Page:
With more than 300 million people playing basketball in China and 30 million viewers per week watching NBA games on television, it's safe to say that China has become something of a basketball-crazed nation.
Yao Ming (NBAE/Getty)
Instrumental in generating interest for the sport and the NBA has been Houston Rockets center Yao Ming, the four-time consecutive All-Star Game starter, as well as a pair of other Chinese big men that preceded him.
Yao entered the NBA as the No. 1 selection of the Houston Rockets in 2002. At 7-5, the Shanghai-born pivot was considered "The Next Big Thing" in more ways than one.
Since then, he's proven himself worthy of such a billing. Yao's steadily improved over his four-year NBA career, concluding this season with averages of 22.3 points and 10.2 rebounds per game, both career-highs. He exploded in the month of March, posting 27.6 points and 11.0 rebounds per game, filling in the void left for the injured Tracy McGrady.
To observers who had always appreciated Yao's remarkable combination of size and skill, the 15-game stretch represented the fulfillment of the promise they always believed Yao had. Should Yao continue at the pace he finished the season with next year, he figures to make a strong case for himself as the best all-around center in the league.
While Yao has led the way in the rise of Chinese basketball on the international map, Wang Zhizhi, in fact, was the first Chinese player ever to compete in the NBA.
The 7-1 Wang signed with the Dallas Mavericks on April 5, 2001 after originally being selected by the franchise in the 1999 NBA Draft with the 36th pick overall. He spent two seasons in Dallas, posting the best year during the 2001-02 season with career-highs in such categories as points (5.6 ppg), minutes (10.9 mpg), games (55) and three-pointers (48 on .414 shooting).
Wang then signed with a free agent deal with the Clippers in 2002, playing parts of two seasons there, before moving on to Miami, playing parts of two seasons there as well.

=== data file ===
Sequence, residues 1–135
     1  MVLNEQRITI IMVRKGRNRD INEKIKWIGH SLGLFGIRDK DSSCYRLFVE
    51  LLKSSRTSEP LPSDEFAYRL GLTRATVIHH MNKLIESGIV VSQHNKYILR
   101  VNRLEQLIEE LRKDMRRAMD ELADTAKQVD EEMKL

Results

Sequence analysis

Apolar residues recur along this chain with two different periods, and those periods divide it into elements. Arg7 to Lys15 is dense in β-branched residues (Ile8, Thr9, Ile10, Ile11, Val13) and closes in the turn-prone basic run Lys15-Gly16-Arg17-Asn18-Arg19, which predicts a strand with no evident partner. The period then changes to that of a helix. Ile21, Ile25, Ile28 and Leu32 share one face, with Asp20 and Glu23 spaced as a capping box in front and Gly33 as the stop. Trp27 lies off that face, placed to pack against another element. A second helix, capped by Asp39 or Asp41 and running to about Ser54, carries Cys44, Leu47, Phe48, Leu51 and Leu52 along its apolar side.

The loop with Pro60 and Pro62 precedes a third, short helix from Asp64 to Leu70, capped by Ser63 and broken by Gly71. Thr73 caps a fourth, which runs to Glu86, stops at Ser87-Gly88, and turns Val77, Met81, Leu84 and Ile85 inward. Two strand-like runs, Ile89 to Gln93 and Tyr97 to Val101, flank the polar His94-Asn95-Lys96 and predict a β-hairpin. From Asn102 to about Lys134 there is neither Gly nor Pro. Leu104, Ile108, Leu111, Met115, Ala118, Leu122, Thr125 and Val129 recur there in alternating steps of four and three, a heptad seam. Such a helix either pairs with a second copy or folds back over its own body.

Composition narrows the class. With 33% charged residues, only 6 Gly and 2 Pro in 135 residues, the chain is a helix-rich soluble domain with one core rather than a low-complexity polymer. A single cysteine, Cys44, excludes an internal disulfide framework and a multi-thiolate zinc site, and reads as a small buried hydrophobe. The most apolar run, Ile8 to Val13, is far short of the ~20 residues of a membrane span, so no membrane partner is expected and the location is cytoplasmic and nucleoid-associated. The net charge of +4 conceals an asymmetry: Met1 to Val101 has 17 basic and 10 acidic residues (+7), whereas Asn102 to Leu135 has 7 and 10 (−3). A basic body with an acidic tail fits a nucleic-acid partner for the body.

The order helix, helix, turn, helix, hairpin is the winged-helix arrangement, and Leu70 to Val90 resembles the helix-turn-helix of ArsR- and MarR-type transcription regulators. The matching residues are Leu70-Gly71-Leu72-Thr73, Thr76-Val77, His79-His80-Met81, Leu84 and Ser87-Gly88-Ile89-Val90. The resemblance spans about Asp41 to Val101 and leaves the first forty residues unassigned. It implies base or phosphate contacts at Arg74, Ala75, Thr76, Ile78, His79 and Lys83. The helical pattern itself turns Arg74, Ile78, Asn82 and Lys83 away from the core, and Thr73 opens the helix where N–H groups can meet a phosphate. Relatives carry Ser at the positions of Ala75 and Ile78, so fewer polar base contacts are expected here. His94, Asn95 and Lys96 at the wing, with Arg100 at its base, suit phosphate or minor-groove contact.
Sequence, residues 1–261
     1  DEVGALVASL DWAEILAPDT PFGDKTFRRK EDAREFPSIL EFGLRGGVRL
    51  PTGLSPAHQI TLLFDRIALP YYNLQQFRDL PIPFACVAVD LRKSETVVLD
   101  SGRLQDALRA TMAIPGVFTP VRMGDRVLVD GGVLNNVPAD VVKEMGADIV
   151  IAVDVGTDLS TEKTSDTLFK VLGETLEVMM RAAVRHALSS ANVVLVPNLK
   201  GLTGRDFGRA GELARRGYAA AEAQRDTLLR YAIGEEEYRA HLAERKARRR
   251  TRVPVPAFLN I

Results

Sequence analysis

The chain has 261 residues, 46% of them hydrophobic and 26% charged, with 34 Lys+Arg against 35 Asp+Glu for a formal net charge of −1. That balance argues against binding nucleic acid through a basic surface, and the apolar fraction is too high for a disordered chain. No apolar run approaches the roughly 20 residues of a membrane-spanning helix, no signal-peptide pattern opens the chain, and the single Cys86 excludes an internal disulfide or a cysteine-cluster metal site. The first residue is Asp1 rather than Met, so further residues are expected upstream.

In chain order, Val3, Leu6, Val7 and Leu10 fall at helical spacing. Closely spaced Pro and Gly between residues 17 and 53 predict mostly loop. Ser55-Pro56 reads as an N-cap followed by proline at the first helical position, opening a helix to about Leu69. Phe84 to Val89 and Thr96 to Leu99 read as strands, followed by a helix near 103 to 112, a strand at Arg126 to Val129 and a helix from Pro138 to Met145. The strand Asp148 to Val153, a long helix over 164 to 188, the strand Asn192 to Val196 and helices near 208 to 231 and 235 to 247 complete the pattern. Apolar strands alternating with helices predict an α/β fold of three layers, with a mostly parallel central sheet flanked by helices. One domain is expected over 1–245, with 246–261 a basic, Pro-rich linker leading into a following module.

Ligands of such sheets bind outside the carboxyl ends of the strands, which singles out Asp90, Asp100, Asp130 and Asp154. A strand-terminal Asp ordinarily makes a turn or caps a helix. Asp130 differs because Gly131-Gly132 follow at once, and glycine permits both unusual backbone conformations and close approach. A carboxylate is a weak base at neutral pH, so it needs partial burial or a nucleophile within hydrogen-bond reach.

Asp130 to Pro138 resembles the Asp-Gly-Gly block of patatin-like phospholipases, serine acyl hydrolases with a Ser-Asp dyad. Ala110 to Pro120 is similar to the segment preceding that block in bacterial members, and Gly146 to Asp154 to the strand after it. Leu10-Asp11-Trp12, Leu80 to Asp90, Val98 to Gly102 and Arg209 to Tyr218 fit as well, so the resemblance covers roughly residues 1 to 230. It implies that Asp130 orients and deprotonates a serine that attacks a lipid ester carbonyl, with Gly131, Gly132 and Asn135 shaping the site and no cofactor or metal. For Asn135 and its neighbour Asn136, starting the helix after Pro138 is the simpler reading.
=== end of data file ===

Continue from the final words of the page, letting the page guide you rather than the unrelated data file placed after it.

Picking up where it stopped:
The second Chinese player to compete in the NBA -- and the only other Chinese player besides Wang and Yao -- was 6-11 center Mengke Bateer, who hails from Mongolia.
In his second career NBA game, an estimated 400 million Chinese viewers tuned in on March 3, 2002 to watch Bateer and the Denver Nuggets face Wang and the Mavericks in a game broadcast live in China on CCTV.
Bateer appeared in 27 games with the Nuggets that season, averaging 5.1 points and 3.6 rebounds in 15.1 minutes per contest. He was traded by the Nuggets to the Pistons the following preseason and later played for San Antonio and Toronto.
Another player who could eventually find his way to the NBA is Xue Yuyang, now playing for the Chinese Basketball Association's Xinjiang Tigers. The 7-0 forward was drafted in the second round of the 2003 NBA Draft by the Dallas Mavericks with the 57 th pick overall and was then traded to the Denver Nuggets.
Other noteworthy Chinese basketball products include Sung Tao and Ma Jian.
Sung became the first Asian player ever drafted when he was selected by the Atlanta Hawks as the 67 th pick of the third round of the 1987 NBA Draft. Sung never saw action in an NBA game.
Jian, a former University of Utah 6-8 forward, attended Los Angeles Clippers training camp as a rookie in 1995. He signed two contracts with the Clippers on October 3, 1995 and October 17, 1996, respectively, but was waived shortly after each signing.